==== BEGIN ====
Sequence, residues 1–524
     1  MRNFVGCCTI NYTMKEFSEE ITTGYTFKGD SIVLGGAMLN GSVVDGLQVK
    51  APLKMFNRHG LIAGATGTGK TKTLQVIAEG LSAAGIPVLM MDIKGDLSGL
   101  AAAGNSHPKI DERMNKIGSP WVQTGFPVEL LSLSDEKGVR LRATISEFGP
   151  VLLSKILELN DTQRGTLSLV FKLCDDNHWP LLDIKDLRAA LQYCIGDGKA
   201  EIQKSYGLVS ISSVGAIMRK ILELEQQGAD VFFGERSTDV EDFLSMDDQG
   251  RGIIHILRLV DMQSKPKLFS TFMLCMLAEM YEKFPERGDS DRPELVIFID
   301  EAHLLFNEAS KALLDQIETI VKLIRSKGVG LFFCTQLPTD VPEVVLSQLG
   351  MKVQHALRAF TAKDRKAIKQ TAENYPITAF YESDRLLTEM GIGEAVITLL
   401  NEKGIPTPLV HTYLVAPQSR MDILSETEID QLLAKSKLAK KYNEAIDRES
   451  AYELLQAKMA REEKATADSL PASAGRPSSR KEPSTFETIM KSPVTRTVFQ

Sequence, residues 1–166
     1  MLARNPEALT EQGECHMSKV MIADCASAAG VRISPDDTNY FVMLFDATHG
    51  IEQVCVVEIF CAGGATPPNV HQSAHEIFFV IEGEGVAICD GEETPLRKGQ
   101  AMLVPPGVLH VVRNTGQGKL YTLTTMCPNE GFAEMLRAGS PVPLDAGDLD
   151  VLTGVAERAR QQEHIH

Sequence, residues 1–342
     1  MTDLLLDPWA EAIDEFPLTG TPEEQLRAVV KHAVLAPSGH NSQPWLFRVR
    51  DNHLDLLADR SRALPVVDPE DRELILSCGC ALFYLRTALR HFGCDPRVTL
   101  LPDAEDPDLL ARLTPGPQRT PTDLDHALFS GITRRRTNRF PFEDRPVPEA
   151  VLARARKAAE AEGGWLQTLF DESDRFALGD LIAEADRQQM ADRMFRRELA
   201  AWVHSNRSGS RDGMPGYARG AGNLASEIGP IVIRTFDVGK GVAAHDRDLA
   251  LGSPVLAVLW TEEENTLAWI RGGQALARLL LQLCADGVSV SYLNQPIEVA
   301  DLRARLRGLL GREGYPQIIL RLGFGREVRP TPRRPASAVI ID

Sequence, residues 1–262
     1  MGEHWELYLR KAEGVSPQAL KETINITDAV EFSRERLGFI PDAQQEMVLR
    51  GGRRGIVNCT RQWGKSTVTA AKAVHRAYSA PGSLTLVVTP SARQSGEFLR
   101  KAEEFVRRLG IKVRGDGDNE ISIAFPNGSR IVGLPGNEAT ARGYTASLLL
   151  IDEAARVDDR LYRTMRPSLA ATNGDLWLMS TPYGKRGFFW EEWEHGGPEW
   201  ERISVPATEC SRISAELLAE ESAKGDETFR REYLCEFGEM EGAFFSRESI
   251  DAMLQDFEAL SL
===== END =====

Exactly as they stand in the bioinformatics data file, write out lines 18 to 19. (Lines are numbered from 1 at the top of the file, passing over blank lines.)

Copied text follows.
     1  MTDLLLDPWA EAIDEFPLTG TPEEQLRAVV KHAVLAPSGH NSQPWLFRVR
    51  DNHLDLLADR SRALPVVDPE DRELILSCGC ALFYLRTALR HFGCDPRVTL